Next, there has been no urban planning in Panama.  The building boom in Panama City is all about speed and graft.  As a result, traffic is out of control and no parking was allotted in many areas.  Just try going near the banking district on a workday.

Another urban planning issue is that many of the buildings have water flow problems.  When it rains, they flood.  For example, when the center piece of Trump Towers opened, rain stranded the President and those attending the grand opening festivities.

I would like to note that Panama is not a desert climate!  They have two seasons:  rainy and rainier.  So, when urban planning fails to account for the daily downpours, there’s a problem.

Panama will continue spending big on development and improvements.  For 2015, Panama will invest $3 billion and should see growth of about 7% (1% less than in previous years).

Wile I expect the economy to remain strong, I bet some real estate will lag behind.  While it’s true that many international persons are flowing in to Panama, there is also a lot of capacity coming online.  I look for appreciation of 5% to 8% depending on where you invest in Panama City.  Focus on San Francisco (a region of Panama City) and the like for the best returns.  Avoid Trump and Punta Pacifica.

I also believe the long term outlook for Panama is strong.  The primary limiting factor in business growth is a lack of educated workers and English speakers.  All of the new shiny towers need workers that speak English.  If schools begin turning out a quality work force even faster than they do today, the sky’s the limit for Panama.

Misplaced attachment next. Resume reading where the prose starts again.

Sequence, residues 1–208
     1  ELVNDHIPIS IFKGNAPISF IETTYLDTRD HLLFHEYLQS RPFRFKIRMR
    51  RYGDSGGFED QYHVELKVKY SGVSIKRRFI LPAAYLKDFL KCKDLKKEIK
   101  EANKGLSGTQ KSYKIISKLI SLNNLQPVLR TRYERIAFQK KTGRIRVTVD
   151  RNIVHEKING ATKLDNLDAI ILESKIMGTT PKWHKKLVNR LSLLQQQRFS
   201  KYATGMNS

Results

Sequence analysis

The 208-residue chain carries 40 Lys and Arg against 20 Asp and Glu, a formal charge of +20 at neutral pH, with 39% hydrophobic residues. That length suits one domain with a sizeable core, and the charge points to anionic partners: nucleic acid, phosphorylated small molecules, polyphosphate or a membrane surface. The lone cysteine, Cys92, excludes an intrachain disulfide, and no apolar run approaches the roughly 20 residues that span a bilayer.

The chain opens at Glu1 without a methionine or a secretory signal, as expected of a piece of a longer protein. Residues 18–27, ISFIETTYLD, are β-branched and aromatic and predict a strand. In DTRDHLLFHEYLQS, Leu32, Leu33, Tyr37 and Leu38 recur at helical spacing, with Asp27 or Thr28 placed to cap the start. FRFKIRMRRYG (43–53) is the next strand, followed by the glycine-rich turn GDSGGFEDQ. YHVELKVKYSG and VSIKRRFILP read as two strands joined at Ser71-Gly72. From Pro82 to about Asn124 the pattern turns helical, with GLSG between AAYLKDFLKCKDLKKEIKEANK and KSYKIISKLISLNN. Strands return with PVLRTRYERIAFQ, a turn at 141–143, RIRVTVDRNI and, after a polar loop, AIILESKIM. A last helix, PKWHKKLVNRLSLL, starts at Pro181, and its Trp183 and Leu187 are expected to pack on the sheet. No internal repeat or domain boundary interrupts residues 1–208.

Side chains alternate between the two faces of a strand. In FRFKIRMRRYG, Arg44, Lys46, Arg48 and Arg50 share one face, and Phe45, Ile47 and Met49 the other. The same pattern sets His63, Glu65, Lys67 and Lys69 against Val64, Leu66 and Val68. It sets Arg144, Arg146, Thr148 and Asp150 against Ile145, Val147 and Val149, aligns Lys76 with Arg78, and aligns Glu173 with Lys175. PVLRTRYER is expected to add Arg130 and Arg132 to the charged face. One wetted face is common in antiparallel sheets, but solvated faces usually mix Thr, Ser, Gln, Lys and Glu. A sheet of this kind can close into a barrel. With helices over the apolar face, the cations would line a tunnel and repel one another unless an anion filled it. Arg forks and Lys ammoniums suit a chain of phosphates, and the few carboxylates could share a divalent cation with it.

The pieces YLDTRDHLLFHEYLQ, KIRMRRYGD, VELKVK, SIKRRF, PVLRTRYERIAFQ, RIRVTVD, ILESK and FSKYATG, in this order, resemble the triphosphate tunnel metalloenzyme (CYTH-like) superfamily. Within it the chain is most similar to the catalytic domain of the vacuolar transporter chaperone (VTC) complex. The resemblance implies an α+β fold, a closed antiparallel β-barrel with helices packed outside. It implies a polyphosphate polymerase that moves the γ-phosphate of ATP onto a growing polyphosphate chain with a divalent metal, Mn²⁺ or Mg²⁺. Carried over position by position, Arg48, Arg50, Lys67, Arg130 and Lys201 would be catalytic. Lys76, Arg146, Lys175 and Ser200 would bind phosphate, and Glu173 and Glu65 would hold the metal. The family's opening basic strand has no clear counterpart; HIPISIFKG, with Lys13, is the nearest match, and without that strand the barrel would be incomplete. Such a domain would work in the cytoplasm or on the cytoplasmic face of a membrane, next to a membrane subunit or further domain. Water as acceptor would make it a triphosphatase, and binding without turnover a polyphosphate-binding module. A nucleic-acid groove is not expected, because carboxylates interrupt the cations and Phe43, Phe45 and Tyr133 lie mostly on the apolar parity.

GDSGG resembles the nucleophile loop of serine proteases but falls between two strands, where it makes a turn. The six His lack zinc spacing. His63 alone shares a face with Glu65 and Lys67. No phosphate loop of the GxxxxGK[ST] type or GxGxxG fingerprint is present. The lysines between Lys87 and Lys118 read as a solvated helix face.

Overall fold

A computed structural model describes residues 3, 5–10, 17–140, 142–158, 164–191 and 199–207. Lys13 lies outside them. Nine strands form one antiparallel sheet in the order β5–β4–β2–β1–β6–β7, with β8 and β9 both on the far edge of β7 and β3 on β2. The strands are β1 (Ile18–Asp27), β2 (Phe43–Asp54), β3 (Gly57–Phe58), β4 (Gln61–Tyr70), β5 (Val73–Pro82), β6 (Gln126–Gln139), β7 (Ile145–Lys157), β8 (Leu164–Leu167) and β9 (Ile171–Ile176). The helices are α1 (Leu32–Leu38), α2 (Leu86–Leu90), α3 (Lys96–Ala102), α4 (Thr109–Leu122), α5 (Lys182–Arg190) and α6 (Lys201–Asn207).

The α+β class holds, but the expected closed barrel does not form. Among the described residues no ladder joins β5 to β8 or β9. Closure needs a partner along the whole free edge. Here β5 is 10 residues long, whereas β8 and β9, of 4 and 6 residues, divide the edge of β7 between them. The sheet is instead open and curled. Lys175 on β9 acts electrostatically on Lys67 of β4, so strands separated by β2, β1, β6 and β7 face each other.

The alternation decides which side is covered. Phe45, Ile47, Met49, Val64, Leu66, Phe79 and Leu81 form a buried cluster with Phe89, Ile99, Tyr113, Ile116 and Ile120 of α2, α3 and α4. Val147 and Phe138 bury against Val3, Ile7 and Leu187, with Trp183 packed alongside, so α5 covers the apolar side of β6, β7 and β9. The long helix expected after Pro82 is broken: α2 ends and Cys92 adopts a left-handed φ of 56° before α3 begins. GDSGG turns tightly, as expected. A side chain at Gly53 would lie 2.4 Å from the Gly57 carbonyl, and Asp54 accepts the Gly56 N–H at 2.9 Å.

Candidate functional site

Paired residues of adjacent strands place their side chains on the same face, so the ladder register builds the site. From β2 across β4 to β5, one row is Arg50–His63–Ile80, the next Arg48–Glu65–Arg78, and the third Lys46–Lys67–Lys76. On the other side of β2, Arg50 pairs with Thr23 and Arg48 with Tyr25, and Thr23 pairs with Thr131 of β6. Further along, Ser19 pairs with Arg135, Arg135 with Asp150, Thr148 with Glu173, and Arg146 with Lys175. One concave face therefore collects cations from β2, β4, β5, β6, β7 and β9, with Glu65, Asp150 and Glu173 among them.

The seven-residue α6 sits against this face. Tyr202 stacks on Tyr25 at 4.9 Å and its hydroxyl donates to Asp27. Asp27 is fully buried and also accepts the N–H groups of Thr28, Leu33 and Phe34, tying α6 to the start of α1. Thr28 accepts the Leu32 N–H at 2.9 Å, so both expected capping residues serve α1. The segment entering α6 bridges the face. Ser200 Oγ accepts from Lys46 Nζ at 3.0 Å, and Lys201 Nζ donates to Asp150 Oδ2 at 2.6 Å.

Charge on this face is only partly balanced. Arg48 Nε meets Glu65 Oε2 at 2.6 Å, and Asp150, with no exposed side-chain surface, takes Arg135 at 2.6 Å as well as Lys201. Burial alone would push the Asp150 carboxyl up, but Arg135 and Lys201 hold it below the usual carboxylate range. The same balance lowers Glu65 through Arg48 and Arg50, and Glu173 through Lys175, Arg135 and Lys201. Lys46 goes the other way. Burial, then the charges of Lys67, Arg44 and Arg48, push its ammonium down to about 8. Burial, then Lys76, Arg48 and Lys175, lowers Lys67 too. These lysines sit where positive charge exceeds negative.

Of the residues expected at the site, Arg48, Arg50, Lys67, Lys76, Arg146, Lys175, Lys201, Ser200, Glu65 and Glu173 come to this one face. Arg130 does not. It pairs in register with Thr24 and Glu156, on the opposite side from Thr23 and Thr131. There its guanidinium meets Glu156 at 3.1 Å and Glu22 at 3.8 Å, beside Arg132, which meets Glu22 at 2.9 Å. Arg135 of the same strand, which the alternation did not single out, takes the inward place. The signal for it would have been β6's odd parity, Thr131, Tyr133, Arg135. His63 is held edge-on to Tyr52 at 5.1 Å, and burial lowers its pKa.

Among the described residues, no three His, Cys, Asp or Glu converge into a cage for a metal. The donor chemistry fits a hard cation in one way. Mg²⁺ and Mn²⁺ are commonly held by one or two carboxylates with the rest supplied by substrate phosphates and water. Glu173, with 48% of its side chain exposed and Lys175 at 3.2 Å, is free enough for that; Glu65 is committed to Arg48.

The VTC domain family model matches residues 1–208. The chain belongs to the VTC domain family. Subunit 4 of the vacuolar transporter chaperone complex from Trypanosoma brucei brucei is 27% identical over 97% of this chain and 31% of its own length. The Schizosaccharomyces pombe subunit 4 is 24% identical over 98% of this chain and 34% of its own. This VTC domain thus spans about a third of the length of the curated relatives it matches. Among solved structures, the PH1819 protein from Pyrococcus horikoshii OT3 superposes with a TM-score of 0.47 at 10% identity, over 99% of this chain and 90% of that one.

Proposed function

In addition to the need for more workers, there are issues surrounding politics and the Canal.  The current administration, which came in to office a few months ago, is proposing price fixing for groceries.  The influx of high net-worth individuals is pushing prices beyond the reach of average Panamanians and the government is considering Venezuelan type price controls.

A longer term risk factor is the Panama Canal… the pride of this nation which was returned by President Carter and signed over by President Clinton.

The current expansion is the first in over a century.  The Canal opened August 15, 1914 and might be finished this year or in 2015.

Panama has upgraded its locks to allow ships carrying up to 13,000 containers.  Before the upgrade, size was limited to 5,000 containers.  However, the largest ships today are at 18,000 containers, and expected to reach 22,000 in the years to come.

And there is now competition to the Panama Canal.  The Suez Canal in Egypt completed its expansion (the first in 145 years) and can handle ships of all sizes.  Piling on, Nicaragua plans a $40 billion canal of its own.  This one, funded (of course) by China, could put significant pressure on Panama’s margins because it would not be limited by locks or ship size.

The Suez Canal was a more costly route because it’s a longer journey from Circe (further south), times are changing.  Significant manufacturing has moved out of China to its southern neighbors.  From these ports, the Suez Canal is either more efficient, or just as long a journey, as Panama.

Like Nicaragua, the Suez Canal is at sea level.  Therefore, no locks are required and any future expansion (widening) can be done more efficiently than in Panama.  Expect Suez to allow for any and all cargo ships while Panama is limited to those holding 13,000 or fewer containers for decades to come.

All of this is to say that the Panama Canal will need to compete on price in the years to come.  Though, I remain strong in my short term and long term outlook.  I expect education to keep pace with demand and for this to push businesses like mine and your forward.

For information on moving to or incorporating in Panama, please give us a call or send an email to info@premieroffshore.com.

Panama foundation IRA Tax

Panama Foundation IRA Tax Review

The Panama Foundation has been approved as the “owner” of a U.S. retirement account in Panama.  This means that, those who want to invest in Panama, have access to banks or brokerage services in Panama, or hold their retirement account n the most advanced asset protection and estate planning tool available, may now move their IRA to a Panama Foundation.